NEA Offers 'Support Chain' for New Educators
Find out why having a basic understanding of your union, then building on it with personal involvement, are the first steps toward better working conditions, pay, and benefits. More

NEA Shares Principles to Improve NCLB
The No Child Left Behind Act established goals everyone supports: high standards and accountability for the learning of all children. But NCLB is falling short of its goals for many reasons. NEA offers principles for ESEA reauthorization, and we encourage Congress to listen to the voices of educators in developing legislative proposals. More

Teachers' Attire Should Impress Students, Supervisors
For an aspiring educator, knowing curriculum and classroom management aren't the only things that make you a teacher. You also need to dress the part. In many schools, dressing professionally isn't just a smart choice, it's a requirement. More

Hispanic Voters Rank Education as Top Issue in Fall Election
Find out why candidates’ ethnic backgrounds are less a factor than where they stand on the issues and how they choose to reach out to Latino communities. More

Maryland Affiliate Secures $40K Starting Salary for Certified Teachers
The Maryland State Teachers Association is a union driven by strong local affiliates. They attribute much of their local salary success to member organization, statewide and regional bargaining coordination, advance preparation for negotiations, and intensive training of bargaining teams on everything from the "nuts and bolts" to advanced topics. More

Here’s Help for Managing Student Work
Kathleen Marshall, a second grade teacher from Washington state, has a great idea for using multiple pocket folders to manage homework and notes to or from parents. More

Wednesday, August 20, 2008

Starting School: Tips for Teachers from Teachers


Starting School and Eating Right
From Joanne Tickner (, a speech and language therapist for Midland Public Schools in Midland, Michigan:

"With the start of the new school year just a few weeks away, you can do yourself a favor by freezing some of your favorite dinners now. As you have (perhaps) a little more time now than you will when the year begins, simply double the recipes you make, and label and freeze for those nights when you come home late and are too tired to cook. It can make the stress of beginning a new year seem a little less. It can also help keep you from snacking on unhealthy foods if you know you have something prepared waiting for you at home."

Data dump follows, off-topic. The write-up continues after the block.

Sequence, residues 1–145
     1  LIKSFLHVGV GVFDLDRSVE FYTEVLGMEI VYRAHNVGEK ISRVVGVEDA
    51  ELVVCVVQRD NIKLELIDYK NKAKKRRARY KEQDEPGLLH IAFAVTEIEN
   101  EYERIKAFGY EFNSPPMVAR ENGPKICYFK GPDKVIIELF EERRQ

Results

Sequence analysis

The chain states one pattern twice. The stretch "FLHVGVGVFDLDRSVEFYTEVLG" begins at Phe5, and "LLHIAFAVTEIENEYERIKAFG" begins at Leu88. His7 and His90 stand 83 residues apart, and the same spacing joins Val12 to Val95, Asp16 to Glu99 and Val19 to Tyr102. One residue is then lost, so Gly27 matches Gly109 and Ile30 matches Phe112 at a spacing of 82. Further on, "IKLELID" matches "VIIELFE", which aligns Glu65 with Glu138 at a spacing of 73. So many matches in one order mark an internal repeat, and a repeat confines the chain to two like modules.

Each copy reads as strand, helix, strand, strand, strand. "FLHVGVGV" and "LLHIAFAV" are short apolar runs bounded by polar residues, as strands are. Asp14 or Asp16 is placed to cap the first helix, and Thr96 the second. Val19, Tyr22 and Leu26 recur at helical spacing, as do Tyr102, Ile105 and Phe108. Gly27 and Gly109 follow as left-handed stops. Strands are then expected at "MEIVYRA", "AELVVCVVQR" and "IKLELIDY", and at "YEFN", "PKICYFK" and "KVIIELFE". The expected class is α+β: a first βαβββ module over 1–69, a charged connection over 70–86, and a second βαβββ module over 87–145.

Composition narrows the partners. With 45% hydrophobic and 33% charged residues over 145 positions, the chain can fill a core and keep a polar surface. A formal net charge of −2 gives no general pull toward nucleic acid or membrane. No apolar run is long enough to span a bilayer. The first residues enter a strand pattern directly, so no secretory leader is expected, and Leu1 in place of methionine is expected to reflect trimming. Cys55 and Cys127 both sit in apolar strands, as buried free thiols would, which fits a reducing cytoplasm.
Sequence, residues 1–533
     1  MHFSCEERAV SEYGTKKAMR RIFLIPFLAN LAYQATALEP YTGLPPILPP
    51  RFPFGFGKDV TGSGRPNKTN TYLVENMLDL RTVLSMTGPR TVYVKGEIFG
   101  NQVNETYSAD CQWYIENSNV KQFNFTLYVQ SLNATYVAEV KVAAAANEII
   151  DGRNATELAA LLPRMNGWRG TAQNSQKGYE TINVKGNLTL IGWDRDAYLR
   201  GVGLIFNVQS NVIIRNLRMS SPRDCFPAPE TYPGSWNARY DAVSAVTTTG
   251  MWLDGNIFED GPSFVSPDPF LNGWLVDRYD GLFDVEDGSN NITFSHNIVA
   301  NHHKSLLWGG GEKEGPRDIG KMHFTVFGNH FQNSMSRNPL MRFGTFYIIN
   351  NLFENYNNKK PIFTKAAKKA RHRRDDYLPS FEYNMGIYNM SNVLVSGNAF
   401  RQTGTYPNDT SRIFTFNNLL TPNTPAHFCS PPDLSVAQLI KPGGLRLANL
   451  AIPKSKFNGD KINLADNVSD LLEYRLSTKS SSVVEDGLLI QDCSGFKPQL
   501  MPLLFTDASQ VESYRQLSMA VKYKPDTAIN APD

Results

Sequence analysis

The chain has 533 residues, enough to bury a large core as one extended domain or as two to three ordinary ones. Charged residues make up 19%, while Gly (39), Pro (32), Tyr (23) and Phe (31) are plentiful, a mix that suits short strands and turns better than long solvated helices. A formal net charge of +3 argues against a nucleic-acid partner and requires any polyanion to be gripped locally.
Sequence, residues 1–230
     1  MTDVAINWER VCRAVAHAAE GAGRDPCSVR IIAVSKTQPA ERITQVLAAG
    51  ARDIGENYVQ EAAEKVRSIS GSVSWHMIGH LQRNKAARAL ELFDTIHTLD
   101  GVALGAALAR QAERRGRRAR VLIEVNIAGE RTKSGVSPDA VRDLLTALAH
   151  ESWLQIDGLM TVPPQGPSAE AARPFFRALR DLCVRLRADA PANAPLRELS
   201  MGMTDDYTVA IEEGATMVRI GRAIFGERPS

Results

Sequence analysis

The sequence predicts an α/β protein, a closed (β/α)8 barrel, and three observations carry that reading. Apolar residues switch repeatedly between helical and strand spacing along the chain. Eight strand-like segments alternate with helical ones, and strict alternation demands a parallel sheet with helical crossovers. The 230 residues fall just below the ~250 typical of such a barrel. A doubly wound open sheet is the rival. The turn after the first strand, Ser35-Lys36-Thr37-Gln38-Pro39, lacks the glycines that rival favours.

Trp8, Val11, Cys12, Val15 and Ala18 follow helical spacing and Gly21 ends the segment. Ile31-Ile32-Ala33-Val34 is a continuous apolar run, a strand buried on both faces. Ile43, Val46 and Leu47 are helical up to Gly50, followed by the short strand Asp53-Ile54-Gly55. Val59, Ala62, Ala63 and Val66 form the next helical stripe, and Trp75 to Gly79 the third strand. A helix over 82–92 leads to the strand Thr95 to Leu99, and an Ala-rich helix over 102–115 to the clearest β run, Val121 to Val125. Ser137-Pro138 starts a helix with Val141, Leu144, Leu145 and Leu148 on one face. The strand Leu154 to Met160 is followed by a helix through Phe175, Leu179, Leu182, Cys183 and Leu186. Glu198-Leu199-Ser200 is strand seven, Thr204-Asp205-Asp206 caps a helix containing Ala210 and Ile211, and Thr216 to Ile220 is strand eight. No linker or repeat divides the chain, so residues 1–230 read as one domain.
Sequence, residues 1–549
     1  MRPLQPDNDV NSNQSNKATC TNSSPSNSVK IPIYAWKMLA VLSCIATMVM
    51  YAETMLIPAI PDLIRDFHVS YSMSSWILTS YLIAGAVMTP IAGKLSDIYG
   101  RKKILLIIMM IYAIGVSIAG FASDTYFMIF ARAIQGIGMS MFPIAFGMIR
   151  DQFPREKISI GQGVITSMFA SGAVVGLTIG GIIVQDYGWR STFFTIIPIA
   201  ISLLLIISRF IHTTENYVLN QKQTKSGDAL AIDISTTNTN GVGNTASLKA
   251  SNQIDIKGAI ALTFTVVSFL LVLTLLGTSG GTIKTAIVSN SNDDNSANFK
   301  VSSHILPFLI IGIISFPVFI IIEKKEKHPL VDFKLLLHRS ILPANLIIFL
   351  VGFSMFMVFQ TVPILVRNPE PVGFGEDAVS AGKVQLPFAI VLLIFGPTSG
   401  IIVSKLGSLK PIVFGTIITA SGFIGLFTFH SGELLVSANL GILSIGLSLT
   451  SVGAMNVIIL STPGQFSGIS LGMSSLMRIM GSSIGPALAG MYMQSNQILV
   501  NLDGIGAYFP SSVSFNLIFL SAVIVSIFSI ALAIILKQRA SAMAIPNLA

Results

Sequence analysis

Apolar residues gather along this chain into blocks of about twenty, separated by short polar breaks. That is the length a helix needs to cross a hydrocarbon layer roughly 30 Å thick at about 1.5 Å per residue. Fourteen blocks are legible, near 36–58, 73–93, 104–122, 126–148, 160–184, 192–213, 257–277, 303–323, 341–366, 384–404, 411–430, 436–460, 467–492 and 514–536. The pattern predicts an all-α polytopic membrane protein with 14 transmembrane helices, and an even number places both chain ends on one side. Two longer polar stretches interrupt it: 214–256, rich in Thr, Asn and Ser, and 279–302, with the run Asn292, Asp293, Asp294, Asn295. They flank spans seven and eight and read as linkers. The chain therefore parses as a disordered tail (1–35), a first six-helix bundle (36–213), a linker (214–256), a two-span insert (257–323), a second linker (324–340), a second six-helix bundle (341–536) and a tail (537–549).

Comment on This Tip
More Starting School Tips

Emergency Plans
From Ronda Christoph (, an English teacher at Pulaski School in Milwaukee, Wisconsin:

"Near the beginning of the year, I make an emergency lesson plan box. I use an empty file folder box. In it, I place a packet of work that will cover a block schedule period. I make enough copies for all my classes, including an answer sheet and detailed plans for a substitute to teach the worksheets in the packet. I then add a copy of my seating chart and class lists. I put this box under or near my desk in case I have an emergency where I am unable to make other plans. I let my department chair know about my plan box, so she does not have to suddenly create plans for my substitute."
Comment on This Tip
More Substitute Teacher Tips

Question of the Week: Using Humor
From the Works4Me Worker Bees:

"We've all heard the refrain, ‘Don't smile until Christmas.’ The idea is to establish classroom discipline early in the school year by being a tough, stern figure of authority. But there is another way. Humor can be a very effective classroom management tool. Humor can diffuse or de-escalate behavior problems, help students relax, and enable students to be more willing to experiment with new ideas and be less afraid to make mistakes. How do you create a classroom that encourages the positive use of humor?"
Send Us Your Answer
View Replies & Post Your Tip

Featured Post Meet Other Teachers and Share Tips in The Works4Me Lounge.

Survival Advice
Heard Last Week in the Works4Me Lounge: